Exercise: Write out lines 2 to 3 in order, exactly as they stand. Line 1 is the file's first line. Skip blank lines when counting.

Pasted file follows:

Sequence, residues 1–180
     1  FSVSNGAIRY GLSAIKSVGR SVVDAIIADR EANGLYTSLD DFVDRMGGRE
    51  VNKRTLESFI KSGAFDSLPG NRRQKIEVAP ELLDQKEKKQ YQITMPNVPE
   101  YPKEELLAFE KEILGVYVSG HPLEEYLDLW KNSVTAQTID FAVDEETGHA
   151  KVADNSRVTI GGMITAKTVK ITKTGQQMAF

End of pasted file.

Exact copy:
     1  FSVSNGAIRY GLSAIKSVGR SVVDAIIADR EANGLYTSLD DFVDRMGGRE
    51  VNKRTLESFI KSGAFDSLPG NRRQKIEVAP ELLDQKEKKQ YQITMPNVPE